Phylum Arthropoda (Arthropods) ➔ Subphylum Hexapoda (Hexapods) ➔ Class Insecta (Insects) ➔ Order Diptera (True flies) ➔ Family Syrphidae (Hoverflies)

Syrphus vitripennis Meigen, 1822

Kleine Schwebfliege

Synonyms and other combinations:

Scaeva confinis Zetterstedt, 1838 | Syrphus agitatus Matsumura, 1918 | Syrphus akakurensis Matsumura, 1917 | Syrphus campestris Matsumura, 1918 | Syrphus candidus Matsumura, 1918 | Syrphus chujenjianus Matsumura, 1917 | Syrphus conspicuus Matsumura, 1918 | Syrphus dubius Matsumura, 1918 | Syrphus kitakawae Matsumura, 1918 | Syrphus kuccharensis Matsumura, 1918 | Syrphus kushirensis Matsumura, 1918 | Syrphus okadensis Matsumura, 1918 | Syrphus palliventralis Matsumura, 1918 | Syrphus shibechensis Matsumura, 1918 | Syrphus strandi Duda, 1940 | Syrphus tenuis Matsumura, 1918 | Syrphus topiarius Meigen, 1822 | Syrphus tsukisappensis Matsumura, 1917 | Syrphus velox Matsumura, 1918 |

  • Syrphus vitripennis, female  1242
    Syrphus vitripennis Meigen, 1822  Kleine Schwebfliege   
    Syrphus vitripennis, female
    DE, Chemnitz, Zeisigwald; 2009-08-08 13:03:44
    Image number: 1242
    DE, Chemnitz, Zeisigwald
    2009-08-08 13:03:44

  • Syrphus vitripennis, female  1270
    Syrphus vitripennis Meigen, 1822  Kleine Schwebfliege   
    Syrphus vitripennis, female
    DE, Chemnitz, Zeisigwald; 2009-08-08 12:11:26
    Image number: 1270
    DE, Chemnitz, Zeisigwald
    2009-08-08 12:11:26

Syrphus vitripennis belongs to the subfamily Syrphinae, tribe Syrphini.
Throughout most of the Palaearctic region, including North Africa; in North America from Alaska to California; Formosa.
Most types of deciduous and coniferous forest, also in open biotops.
The anthropophilic species occurs in parks, gardens and along field hedges.
Body length 7.5 - 11 mm; abdomen with a pair of yellow spots on tergit 2 and yellow transverse bands on tergits 3 and 4; eyes bare; face yellow; antennae reddish brown; femora black at the base. Female: hind femora 2/3 black. Male: hind femora 2/3 ... 3/4 black, hind femora outside at the apex with small yellow hairs.
Similar species:
There are some similar looking species. The most similar are Syrphus torvus and the Summer Fly Syrphus ribesii. Syrphus torvus has hairy eyes, in contrast to Syrphus ribesii and Syrphus vitripennis. The females of Syrphus vitripennis can be distinguished from those of the similar Summer Fly Syrphus ribesii by the color of the hind femora. These are yellow in Syrphus ribesii. The males are not clearly distinguishable from photos. The hind femora of Syrphus ribesii males are at least half black colored at the base and have small black hairs at the tip.
Syrphus vitripennis flies probably in several generations from April to October. The species is highly migratory.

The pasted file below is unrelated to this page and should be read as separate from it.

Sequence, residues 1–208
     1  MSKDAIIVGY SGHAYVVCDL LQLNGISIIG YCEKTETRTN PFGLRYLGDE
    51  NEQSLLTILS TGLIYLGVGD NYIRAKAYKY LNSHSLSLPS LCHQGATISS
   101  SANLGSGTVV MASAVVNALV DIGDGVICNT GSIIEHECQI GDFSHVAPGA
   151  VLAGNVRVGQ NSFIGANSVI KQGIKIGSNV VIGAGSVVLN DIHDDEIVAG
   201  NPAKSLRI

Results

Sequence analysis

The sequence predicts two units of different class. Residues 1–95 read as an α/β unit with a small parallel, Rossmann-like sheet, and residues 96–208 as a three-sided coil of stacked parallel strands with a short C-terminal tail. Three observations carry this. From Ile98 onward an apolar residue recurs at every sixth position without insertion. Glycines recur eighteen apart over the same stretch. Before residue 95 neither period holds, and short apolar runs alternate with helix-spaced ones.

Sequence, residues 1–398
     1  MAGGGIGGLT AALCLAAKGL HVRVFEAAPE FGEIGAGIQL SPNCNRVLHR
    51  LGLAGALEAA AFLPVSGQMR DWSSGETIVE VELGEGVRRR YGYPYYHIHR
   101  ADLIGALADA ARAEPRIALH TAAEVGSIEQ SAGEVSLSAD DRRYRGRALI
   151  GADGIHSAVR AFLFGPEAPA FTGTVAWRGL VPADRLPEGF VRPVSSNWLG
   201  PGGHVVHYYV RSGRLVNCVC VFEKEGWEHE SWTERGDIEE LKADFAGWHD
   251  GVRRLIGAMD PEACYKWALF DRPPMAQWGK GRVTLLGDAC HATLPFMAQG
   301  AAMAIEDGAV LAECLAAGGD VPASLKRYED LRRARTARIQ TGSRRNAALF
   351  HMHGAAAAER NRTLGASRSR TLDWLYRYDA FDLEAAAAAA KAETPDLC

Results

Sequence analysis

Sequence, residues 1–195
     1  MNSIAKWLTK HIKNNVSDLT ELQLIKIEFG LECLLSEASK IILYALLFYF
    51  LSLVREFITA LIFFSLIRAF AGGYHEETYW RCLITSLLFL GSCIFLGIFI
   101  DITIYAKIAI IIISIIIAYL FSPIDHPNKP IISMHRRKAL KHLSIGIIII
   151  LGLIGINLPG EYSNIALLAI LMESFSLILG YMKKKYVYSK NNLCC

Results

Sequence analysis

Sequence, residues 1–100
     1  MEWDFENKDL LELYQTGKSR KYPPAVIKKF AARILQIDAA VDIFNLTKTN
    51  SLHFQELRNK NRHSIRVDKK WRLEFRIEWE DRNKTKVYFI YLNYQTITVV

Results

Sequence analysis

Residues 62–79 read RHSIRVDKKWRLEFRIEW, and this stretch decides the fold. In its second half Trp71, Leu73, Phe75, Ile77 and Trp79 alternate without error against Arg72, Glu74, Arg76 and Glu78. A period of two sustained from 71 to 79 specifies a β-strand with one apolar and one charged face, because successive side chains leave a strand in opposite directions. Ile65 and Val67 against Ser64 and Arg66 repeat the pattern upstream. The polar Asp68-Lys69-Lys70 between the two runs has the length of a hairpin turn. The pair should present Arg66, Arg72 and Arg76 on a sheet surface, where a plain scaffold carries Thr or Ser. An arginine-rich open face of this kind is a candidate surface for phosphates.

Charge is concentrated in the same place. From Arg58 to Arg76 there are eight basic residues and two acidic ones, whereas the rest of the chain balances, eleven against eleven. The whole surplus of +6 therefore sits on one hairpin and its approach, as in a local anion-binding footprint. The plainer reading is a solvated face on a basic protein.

The adults feed on pollen and nectar and visit the flowers of white umbellifers, Brassica rapa, creeping bellflower (Campanula rapunculoides), Cirsium, hawthorn (Crataegus), blackberries (Rubus fruticosus) and other plants. Males hover at 2 - 5 m beside trees and shrubs and chase away other flies.
After mating, the females lay their eggs on trees, shrubs and herbaceous plants that are infested by aphids. The entire development from egg to imago takes about 20-40 days. The polyphagous larvae of Syrphus vitripennis feed on many different aphid species. They pass through 3 larval stages and eat 460 to 1100 aphids, depending on the availability, species, size and stages of development of the prey.
The mature larva has an optional diapause and overwinters in the litter layer.

References, further reading, links:
  1. Pape T. & Thompson F.C. (eds) (2017). Systema Dipterorum (version 2.0, Jan 2011). In: Species 2000 & ITIS Catalogue of Life, 2017 Annual Checklist (Roskov Y., Abucay L., Orrell T., Nicolson D., Bailly N., Kirk P.M., Bourgoin T., DeWalt R.E., Decock W., De Wever A., Nieukerken E. van, Zarucchi J., Penev L., eds.). Digital resource at Species 2000: Naturalis, Leiden, the Netherlands. ISSN 2405-884X.
  2. Gerald Bothe: Bestimmungsschl├╝ssel f├╝r die Schwebfliegen (Diptera, Syrphidae) Deutschlands und der Niederlande, DJN, 1984, ISBN 3-923376-07-3
  3. M.C.D.Speight: Species Accounts of European Syrphidae (Diptera), Glasgow 2011, Syrph the Net, the database of European Syrphidae, vol. 65, 285 pp., Syrph the Net publications, Dublin.
  4. Menno Reemer, Willem Renema, Wouter van Steenis, Theo Zeegers, Aat Barendregt, John T. Smit, Mark P. van Veen, Jeroen van Steenis, Laurens van der Leij: De Nederlandse Zweefvliegen (Diptera: Syrphidae), Nederlandse Fauna 8, 2009.